Tell us how

Us­ing the Pres­i­dent’s pres­ence as an op­por­tu­nity to get di­rect an­swers on burn­ing is­sues for the PSC, Boyer called on Granger to tell the fo­rum “how” he in­tended to re­al­ize his dream of a holis­ti­cally de­vel­oped na­tion where its cit­i­zenry pros­pered.

“To­day, the Chair­man of the PSC, calls on the Pres­i­dent to clar­ify your gov­ern­ment’s ap­proach to eco­nomic devel­op­ment, your tax­a­tion pol­icy, your in­cen­tive pro­gramme for busi­nesses. How you in­tend to strengthen our democ­racy and en­sure rule of law is main­tained, your plans to de­velop the qual­ity of life of the cit­i­zenry and also how your gov­ern­ment in­tends to work with the pri­vate sec­tor to cre­ate jobs for our young and un­der­uti­lized pop­u­la­tion,” Boyer’s state­ment read.

“In ad­di­tion, if your Ex­cel­lency can pro­vide di­rec­tion on the oil and gas sec­tor on ar­eas where we will spend rev­enues from the ex­pected wealth de­riv­ing from roy­al­ties and rents. Since gov­ern­ment is the big­gest spender, this will as­sist the pri­vate sec­tor where and when to in­vest in or­der to be an an­tic­i­pated re­cip­i­ent of gov­ern­ment con­tracts. I also would like His Ex­cel­lency to ad­dress what are the plans to ad­dress the prison sys­tem, and the wider se­cu­rity is­sues in the coun­try that caused busi­nesses to be on edge due to the level of rob­beries and other crimes ex­pe­ri­enced in the coun­try,” it added.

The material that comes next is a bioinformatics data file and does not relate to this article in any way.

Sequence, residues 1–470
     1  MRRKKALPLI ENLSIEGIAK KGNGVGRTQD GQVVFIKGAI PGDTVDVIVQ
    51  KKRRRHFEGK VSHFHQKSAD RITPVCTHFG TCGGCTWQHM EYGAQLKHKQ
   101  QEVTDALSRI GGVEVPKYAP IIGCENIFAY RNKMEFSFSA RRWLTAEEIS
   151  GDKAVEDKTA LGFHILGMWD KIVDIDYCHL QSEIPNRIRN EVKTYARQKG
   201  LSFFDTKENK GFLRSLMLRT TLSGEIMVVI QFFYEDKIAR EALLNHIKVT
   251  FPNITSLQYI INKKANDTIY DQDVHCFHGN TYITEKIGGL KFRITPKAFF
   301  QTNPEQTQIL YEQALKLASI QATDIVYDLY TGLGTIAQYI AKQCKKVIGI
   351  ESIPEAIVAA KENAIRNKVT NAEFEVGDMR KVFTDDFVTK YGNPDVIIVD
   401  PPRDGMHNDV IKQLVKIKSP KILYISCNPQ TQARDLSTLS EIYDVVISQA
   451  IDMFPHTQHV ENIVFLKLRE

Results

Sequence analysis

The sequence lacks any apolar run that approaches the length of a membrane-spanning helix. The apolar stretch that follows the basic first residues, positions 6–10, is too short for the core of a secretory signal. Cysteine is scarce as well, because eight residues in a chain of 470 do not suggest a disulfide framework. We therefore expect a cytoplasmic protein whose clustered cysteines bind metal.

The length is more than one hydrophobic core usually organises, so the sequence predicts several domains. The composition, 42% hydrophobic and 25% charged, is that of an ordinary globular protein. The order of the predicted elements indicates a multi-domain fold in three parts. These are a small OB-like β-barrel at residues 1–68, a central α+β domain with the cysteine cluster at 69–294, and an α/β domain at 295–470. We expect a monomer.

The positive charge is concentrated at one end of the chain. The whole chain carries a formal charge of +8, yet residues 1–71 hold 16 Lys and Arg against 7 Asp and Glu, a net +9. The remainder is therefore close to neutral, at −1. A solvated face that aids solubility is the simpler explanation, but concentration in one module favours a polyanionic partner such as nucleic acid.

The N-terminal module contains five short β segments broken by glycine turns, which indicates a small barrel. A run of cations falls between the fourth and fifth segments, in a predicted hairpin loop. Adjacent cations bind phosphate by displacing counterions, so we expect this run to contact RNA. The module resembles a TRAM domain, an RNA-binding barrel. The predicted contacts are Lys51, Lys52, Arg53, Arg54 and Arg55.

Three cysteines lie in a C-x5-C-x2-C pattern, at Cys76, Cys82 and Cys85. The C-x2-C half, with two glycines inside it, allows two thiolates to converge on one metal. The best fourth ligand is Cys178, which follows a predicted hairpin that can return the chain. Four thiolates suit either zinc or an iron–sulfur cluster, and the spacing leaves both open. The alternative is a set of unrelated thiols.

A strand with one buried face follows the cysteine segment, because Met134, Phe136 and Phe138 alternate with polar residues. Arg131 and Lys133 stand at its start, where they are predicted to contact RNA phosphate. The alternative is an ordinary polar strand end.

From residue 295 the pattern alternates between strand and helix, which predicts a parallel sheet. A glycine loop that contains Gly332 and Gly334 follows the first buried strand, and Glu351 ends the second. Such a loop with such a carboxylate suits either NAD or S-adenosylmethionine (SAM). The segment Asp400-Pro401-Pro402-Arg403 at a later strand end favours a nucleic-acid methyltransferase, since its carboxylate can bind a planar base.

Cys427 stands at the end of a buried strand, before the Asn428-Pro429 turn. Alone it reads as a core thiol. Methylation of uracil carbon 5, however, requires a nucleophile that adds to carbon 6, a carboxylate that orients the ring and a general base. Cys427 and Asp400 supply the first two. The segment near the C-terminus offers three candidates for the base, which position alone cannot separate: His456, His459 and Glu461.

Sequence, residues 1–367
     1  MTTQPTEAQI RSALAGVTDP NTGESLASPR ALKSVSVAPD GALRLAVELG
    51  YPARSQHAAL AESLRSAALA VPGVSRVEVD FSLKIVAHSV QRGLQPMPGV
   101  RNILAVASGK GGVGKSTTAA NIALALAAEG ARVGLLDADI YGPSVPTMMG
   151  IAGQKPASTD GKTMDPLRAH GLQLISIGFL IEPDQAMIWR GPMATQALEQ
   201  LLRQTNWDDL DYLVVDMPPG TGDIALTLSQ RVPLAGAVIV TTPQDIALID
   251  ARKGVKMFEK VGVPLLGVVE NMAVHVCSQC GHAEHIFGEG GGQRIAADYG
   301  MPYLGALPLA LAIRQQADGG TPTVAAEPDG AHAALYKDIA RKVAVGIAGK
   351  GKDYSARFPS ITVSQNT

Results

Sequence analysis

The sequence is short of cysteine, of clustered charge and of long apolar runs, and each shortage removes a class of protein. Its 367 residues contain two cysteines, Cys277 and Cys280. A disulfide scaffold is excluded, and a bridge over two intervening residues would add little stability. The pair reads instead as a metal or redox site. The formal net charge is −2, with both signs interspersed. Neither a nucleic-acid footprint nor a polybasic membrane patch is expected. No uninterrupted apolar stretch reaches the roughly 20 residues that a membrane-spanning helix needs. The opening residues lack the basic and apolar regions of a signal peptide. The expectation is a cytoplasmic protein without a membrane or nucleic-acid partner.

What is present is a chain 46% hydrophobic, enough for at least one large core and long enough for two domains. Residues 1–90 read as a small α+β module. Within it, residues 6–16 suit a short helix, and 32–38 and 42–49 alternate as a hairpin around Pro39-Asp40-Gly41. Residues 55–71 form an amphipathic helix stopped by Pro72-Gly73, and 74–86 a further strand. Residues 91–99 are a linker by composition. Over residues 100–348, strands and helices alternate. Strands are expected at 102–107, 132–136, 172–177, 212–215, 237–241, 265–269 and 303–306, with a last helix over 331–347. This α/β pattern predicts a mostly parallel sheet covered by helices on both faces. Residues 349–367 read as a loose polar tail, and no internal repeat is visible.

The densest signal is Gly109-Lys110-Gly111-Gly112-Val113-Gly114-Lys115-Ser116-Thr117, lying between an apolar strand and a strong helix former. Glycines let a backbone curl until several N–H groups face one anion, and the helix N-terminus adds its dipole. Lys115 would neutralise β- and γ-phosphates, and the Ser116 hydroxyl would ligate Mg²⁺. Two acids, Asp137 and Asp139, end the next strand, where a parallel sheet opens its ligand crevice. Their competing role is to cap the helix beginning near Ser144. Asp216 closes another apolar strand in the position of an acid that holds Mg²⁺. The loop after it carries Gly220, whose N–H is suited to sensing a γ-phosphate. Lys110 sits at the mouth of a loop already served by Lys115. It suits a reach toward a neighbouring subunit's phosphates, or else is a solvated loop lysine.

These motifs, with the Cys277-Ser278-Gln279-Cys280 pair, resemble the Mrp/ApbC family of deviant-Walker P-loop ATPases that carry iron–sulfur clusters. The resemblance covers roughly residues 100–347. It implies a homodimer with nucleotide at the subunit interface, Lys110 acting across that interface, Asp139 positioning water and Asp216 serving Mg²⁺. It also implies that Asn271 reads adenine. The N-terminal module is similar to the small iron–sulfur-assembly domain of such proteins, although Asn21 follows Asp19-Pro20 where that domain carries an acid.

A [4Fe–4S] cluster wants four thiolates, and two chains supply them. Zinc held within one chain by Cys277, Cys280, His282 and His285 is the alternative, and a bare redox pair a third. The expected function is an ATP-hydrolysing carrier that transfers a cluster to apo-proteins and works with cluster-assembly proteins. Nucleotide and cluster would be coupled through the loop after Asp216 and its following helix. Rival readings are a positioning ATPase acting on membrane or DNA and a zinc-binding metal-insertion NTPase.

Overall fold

Three-pronged ap­proach

Granger, who sat be­side Min­is­ter of Busi­ness Do­minic Gaskin, later de­tailed sta­tis­tics of the coun­try’s eco­nomic progress over the years and re­it­er­ated his prom­ises for de­liv­er­ing a “good life” for all, even as he asked the PSC to join with him in his toil.